Volume 13, Issue 4 (2022)                   LRR 2022, 13(4): 283-316 | Back to browse issues page


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Qasemi Shandiz M, Taebi Noghondari Z, Farsi R. Identity, Character, and the Reader: A Cognitive Approach in Reading of Remainder by Tom McCarthy (2005). LRR 2022; 13 (4) :283-316
URL: http://lrr.modares.ac.ir/article-14-47460-en.html
1- .A. Student of English Literature, Department of English Language and Literature, Faculty of Letters and Humanities, Ferdowsi University, Mashhad, Iran
2- Assistant Professor of English Literature, Department of English Language and Literature, Faculty of Letters and Humanities, Ferdowsi University, Mashhad, Iran , taebi@um.ac.ir
3- Assistant Professor of English Literature, Department of English Language and Literature, Faculty of Letters and Humanities, University of Neyshabur, Neyshabur, Iran
Abstract:   (1058 Views)
The present article uses a cognitive approach to fiction and proposes a new and integrated model that examines the metaphorical concept of identity and shows how it is mapped and perceived by the character and reader in Tom McCarthy's novel Remainder (2005).  It draws on Lakoff and Johnson's theory of conceptual metaphor (1980) and the contextual frame theory developed by Peter Stockwell (2002). First, the mega-metaphor in the story is extracted; then its correspondence with the micro-metaphors in the text of the narrative, and the character's view from that point in different contexts of the story are examined.  It then goes on to point out how the reader gets to know this issue while reading the work, and experiencing its various parts.  The results show that the concept of identity consists of two different metaphorical mappings for the character and the reader, leading each one to a different understanding of it. It also emphasizes the effectiveness of this new cognitive tool in uncovering the hidden layers of literary works and the broad mental complexities at various levels, including narrator, character, and reader.
1. Introduction
The question of identity comprises a complexity which is shaped by various individual and social factors. Identity formation can be considered as a continuous process of "becoming" which arises from the interaction of the "ego" with the "other" in temporal, spatial and social conditions. Identity, while fragmented and multifaceted, is an attempt to achieve a unified and consistent concept that distinguishes the individual from the others and at the same time has the possibility to change and adapt to the environment. An individual’s linguistic and actual behavior is a mental representation of the concept in an interaction with environmental conditions. Thus, identity is an unresolved question or space in which various discourses are involved and take on a highly multifaceted nature.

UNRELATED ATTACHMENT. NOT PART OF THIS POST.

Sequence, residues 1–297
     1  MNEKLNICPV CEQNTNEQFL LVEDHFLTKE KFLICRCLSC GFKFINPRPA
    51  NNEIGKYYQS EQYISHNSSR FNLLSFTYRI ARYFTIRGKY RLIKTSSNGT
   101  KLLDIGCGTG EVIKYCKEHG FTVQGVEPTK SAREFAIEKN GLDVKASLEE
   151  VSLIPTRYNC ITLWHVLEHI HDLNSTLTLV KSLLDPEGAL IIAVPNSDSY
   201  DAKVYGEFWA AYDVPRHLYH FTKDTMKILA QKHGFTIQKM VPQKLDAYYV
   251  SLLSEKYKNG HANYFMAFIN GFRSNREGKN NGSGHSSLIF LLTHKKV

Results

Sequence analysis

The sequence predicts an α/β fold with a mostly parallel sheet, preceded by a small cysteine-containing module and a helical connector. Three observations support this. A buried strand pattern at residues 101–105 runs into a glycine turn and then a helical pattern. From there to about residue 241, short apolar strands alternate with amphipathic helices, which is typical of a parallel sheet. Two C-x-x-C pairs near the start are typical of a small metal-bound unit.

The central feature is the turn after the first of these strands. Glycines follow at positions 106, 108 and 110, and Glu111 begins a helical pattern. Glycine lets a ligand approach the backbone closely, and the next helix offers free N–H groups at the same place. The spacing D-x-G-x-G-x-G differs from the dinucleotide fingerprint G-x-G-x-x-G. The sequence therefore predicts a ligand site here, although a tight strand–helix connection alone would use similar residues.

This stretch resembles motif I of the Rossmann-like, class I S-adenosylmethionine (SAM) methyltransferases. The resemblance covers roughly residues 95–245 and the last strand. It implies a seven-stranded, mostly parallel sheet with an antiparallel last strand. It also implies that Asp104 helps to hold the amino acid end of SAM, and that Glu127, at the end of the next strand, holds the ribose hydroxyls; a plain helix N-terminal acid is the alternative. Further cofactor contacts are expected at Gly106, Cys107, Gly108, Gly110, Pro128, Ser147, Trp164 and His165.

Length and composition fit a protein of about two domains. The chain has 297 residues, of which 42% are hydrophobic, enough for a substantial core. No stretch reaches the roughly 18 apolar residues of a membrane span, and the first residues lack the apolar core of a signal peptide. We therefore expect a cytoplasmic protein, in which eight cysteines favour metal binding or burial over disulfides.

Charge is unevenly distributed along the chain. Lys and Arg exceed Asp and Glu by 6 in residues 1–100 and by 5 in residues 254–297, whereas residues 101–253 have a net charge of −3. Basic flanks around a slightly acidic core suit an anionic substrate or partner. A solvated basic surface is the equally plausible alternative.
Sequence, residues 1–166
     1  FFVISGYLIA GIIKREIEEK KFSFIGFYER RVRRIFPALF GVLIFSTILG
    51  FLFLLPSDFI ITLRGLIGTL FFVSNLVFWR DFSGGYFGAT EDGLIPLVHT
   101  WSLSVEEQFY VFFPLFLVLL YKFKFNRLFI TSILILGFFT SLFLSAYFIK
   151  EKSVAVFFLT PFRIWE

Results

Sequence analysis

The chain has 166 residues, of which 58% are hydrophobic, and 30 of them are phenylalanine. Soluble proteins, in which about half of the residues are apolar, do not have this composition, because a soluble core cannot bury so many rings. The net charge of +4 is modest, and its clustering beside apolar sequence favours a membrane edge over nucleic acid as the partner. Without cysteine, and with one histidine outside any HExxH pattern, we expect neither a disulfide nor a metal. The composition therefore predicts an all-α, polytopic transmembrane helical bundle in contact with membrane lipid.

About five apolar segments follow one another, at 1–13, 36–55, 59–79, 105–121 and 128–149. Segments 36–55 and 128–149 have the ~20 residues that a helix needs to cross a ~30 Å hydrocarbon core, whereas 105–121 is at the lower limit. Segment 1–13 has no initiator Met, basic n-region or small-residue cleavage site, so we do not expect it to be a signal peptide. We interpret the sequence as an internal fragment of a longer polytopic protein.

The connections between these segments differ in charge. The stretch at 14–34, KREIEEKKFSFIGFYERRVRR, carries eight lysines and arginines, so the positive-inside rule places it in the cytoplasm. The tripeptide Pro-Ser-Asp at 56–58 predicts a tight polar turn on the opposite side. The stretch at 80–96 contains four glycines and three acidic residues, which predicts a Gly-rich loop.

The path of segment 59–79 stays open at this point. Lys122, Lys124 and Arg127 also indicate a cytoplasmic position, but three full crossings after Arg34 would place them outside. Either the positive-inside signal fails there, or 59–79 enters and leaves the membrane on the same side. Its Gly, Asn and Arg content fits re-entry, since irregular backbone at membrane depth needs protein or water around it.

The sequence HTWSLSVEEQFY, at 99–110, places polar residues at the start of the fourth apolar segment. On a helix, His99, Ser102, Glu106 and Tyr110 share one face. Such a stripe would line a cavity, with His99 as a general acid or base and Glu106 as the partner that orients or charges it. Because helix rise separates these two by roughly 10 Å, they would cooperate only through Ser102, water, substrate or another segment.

Post-traumatic stress disorder (PTSD) is one of the factors that can change this process of identity formation, affecting a person's speech and behavior directly. This study concerns the effects of crisis in identity on one's interactions with oneself and the environment. It is important to examine this through the analysis of the traumatized person's narrative of their life, in which they recount their mental and environmental experiences under the influence of the disease. The article examines the narrative process of identity formation in Tom McCarthy's novel Remainder (2005). The novel is about a first-person nameless narrator who tries to rebuild his lost and fragmented identity after experiencing a severe accident through strange and violent re-enactments of past events. The notions of heightened existential awareness and self-renewal in relation to the traumatized narrator are of the two features highlighted in the story.
Research Question(s)
The major question of this study is twofold. On the one hand, within a textual frame, it deals with the notion of identity as formed and recognized textually by the character; and on the other, within a contextual frame, it focuses on the reader’s process of identity formation while reading the novel. The answer to this question is based on the hypothesis that although the reader's apparent presence (in contextual frame) is based on the cognitive factors of the narrative text, the reader's own cognitive schemata are directly involved in shaping the narrator's identity during the reading process. The concept of identity, thus, becomes significant for the reader. To do so, the study borrows from the cognitive theories of conceptual metaphor and contextual frame theory as introduced by Lakoff and Johnson (1980), and Peter Stockwell (2002) respectively.

2. Literature Review
In Metaphors We Live By, Lakoffand Johnson consider “metaphor” as a means to contemplate and see the world, according to which cognition and understanding of concepts of the mind have metaphorical foundations, and the conceptual system is the direct result of the mechanism of metaphorical conceptualization (1980, p. 8). According to them, metaphorical expressions are generalized conceptual mappings that bridge between conceptual domains. This will make an abstract domain conceptually understandable based on the experiential concepts of a cognitive domain (Grady, 2007, p. 189). Manifestaion of these mental representaions can be found not only in language, but also in culture and art (Sadeghi, 2013; Afrashi and Moghimizadeh, 2014; Farshi and Afrashi, 2020; Ghaderi Najafabadi, 2016; Rezaei et al., 2017; Raisi et al., 2020).
What this background shows is the limited nature of Lakoff and Johnson's theory of conceptual metaphor. This theory  limits  the formation of conceptual metaphors to the mind, which ultimately manifests itself in the linguistic and textual dimensions. However, according to Kövecses’ definition, the mind is only one source of meaning construction and processing. Other influential factors such as temporal, spatial and social phenomena play an important role in using and understanding conceptual metaphors (Kövecses, 2015, p. X). These factors are the constituents of the context with which the mind is in the ongoing process of linguistic communication and metaphorical construction. The narrative space of a story shows the contexts with which the narrator's mind and other characters are in constant interaction. In fact, the concept of identity arises from such interactions, in addition to the linguistic nature of the story. Based on what is said, this analysis focuses on the narrative of the story, since the notion of identity is expressed both in mental and textual levels in both linguistic and narrative forms, interfering with the cognitive interactions in the text and context.
In his book Cognitive Poetics: An Introduction (2002), Peter Stockwell presents the theory of contextual frame theory. This approach, which has not been mentioned in Persian studies so far, seeks to "understand how readers track reference to characters and events through the process of reading." (Stockwell, 2002, p. 155). This approach also includes the mental representation of the circumstances (temporal, spatial and social) that make up the current context. This is achieved through the linguistic components and narrative of the text, and direct inferences from the work itself. (p. 155)